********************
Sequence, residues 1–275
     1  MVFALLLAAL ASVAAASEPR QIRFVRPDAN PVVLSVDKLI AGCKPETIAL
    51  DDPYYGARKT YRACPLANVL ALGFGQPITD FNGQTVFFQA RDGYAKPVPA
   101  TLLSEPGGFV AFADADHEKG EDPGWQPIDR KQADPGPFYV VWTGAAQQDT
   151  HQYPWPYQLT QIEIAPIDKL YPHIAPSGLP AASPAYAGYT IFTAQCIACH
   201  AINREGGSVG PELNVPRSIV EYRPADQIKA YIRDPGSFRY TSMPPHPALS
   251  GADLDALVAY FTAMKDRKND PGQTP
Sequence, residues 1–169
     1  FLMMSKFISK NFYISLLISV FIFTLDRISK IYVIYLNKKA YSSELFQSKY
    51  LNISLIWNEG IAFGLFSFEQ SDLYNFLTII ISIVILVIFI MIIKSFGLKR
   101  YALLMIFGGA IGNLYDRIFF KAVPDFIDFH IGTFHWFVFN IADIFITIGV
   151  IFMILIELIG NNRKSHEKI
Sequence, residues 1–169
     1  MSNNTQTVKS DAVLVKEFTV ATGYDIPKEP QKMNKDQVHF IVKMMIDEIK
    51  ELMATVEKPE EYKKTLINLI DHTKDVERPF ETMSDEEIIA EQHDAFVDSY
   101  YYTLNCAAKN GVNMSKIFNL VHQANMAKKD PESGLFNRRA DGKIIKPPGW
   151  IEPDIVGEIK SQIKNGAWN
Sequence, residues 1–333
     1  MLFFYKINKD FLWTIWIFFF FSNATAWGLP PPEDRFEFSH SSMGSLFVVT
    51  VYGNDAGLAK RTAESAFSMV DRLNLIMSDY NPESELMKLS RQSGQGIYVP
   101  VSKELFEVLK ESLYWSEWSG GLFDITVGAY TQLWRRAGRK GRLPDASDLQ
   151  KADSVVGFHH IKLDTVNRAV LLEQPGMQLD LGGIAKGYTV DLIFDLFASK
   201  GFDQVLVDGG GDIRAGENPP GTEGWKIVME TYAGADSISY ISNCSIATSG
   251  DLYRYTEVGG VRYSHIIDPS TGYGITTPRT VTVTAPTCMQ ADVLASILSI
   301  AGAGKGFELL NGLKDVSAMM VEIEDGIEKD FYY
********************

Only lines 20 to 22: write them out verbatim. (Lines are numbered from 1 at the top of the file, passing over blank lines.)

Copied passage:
    51  VYGNDAGLAK RTAESAFSMV DRLNLIMSDY NPESELMKLS RQSGQGIYVP
   101  VSKELFEVLK ESLYWSEWSG GLFDITVGAY TQLWRRAGRK GRLPDASDLQ
   151  KADSVVGFHH IKLDTVNRAV LLEQPGMQLD LGGIAKGYTV DLIFDLFASK